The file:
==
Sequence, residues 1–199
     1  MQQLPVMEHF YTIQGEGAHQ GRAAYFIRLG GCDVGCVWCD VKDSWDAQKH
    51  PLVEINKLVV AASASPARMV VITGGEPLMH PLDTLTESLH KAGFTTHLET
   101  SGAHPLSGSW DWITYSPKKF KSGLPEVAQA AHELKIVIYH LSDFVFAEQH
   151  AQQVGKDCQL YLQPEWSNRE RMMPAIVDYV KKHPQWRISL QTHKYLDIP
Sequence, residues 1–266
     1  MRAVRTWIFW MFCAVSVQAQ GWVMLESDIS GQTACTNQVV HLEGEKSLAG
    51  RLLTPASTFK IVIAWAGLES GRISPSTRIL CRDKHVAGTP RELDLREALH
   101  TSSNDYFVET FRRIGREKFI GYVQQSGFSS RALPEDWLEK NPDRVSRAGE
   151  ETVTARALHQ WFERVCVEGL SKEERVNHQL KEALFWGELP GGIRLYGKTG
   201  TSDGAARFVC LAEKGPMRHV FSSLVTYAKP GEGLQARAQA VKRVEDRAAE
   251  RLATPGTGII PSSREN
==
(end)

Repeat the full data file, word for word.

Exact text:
Sequence, residues 1–199
     1  MQQLPVMEHF YTIQGEGAHQ GRAAYFIRLG GCDVGCVWCD VKDSWDAQKH
    51  PLVEINKLVV AASASPARMV VITGGEPLMH PLDTLTESLH KAGFTTHLET
   101  SGAHPLSGSW DWITYSPKKF KSGLPEVAQA AHELKIVIYH LSDFVFAEQH
   151  AQQVGKDCQL YLQPEWSNRE RMMPAIVDYV KKHPQWRISL QTHKYLDIP
Sequence, residues 1–266
     1  MRAVRTWIFW MFCAVSVQAQ GWVMLESDIS GQTACTNQVV HLEGEKSLAG
    51  RLLTPASTFK IVIAWAGLES GRISPSTRIL CRDKHVAGTP RELDLREALH
   101  TSSNDYFVET FRRIGREKFI GYVQQSGFSS RALPEDWLEK NPDRVSRAGE
   151  ETVTARALHQ WFERVCVEGL SKEERVNHQL KEALFWGELP GGIRLYGKTG
   201  TSDGAARFVC LAEKGPMRHV FSSLVTYAKP GEGLQARAQA VKRVEDRAAE
   251  RLATPGTGII PSSREN